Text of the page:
We were news junkies in my childhood home; I had been watching NBC and CBS news since 1960. So, I gasped with surprise when Cronkite began the first Watergate segment. He stood up and walked across the studio to gesture at graphics. “Unprecedented,” I shouted. Edwin wasn’t there, so I tried to raise him on the phone. Sherry, not so much a news junkie, was unimpressed.

“What’s the big deal,” she asked? Many commentators then and now will say the big deal was that Cronkite devoted more than half of the program (the show was 22 minutes after commercials) to Watergate.

But to me, then and now, the big deal was that he took the never-before-seen step of standing to deliver the story, as if to say, “This is so important I’m going to do something I’ve never done, so you’ll sit up and notice.” No one, not Douglas Edwards, nor John Cameron Swayze nor Huntley nor Brinkley nor Harry Reasoner had ever come out from behind their desk on the air.

I am surprised and baffled that this move, much commented on at the time, is nowhere to be found on the open Internet. I assume it’s behind a paywall somewhere in a news organization’s expensive archives, but I’ve now laid it out for the researchers and essay-writing journalism students of the future; if they Google Cronkite and Watergate, and scroll down to the third or fourth page of results, they will end up here.

Fourth of July Addendum

A note from Robert Malchman led me to create this addendum, which I have appended to my annual Fourth of July column.

To be fair, when they wrote “All men are created equal,” the authors of the Declaration of Independence meant white men who owned property. I do not think their narrow view of humanity erases the revolution they wrought. And, in fact, if not for them, we probably won’t have painfully, gradually expanded that promise to include women and people of color. For example, while clearly a military and political genius, Washington was also a brutal slavemaster whose wealth came from the labor of the people he enslaved.  It's complex and nuanced, and Americans do not, as a whole, do complexity and nuance well.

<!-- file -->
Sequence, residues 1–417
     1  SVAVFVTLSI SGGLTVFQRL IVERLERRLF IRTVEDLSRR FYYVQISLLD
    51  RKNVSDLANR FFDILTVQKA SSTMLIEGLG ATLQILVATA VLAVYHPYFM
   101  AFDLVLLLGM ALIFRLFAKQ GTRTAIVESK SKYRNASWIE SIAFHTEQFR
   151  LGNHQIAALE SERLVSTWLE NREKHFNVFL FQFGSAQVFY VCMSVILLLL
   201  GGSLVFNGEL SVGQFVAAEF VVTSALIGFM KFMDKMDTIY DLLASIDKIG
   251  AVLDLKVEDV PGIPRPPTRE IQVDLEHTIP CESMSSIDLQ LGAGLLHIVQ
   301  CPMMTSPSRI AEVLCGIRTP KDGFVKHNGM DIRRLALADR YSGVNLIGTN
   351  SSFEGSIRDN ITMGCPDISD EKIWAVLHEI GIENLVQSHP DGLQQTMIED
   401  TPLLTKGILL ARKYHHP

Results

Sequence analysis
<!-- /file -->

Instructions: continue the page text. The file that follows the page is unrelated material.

Of course, the Supreme Court has now relieved women of the right to life, liberty and the pursuit of happiness, but maybe that will change again some day.

What The Fourth's All About

This comes from a mailing list of former UPI staffers I subscribe to:

Have you ever wondered what happened to the 56 men who signed the Declaration of Independence?

Five signers were captured by the British as traitors, and tortured before they died. Twelve had their homes ransacked and burned. Two lost their sons serving in the Revolutionary Army, another had two sons captured.

Nine of the 56 fought and died from wounds or hardships of the Revolutionary War. They signed and they pledged their lives, their fortunes, and their sacred honor.

What kind of men were they?

Twenty-four were lawyers and jurists. Eleven were merchants, nine were farmers and large plantation owners; men of means, well educated. But they signed the Declaration of Independence knowing full well that the penalty would be death if they were captured.

These were not wild eyed, rabble-rousing ruffians. They were soft-spoken men of means and education. They had security, but they valued liberty more.

Standing tall, straight, and unwavering, they pledged: “For the support of this declaration, with firm reliance on the protection of the divine providence, we mutually pledge to each other, our lives, our fortunes, and our sacred honor.” They gave you and me a free and independent America.

So, take a couple of minutes while enjoying your 4th of July holiday and silently thank these patriots. It's not much to ask for the price they paid.

My Life In Politics

When I was in high school, I felt it was important to engage in politics. It was the late 60s, the Vietnam War was raging and America was being torn apart by one of its periodic culture wars: hippies versus straights.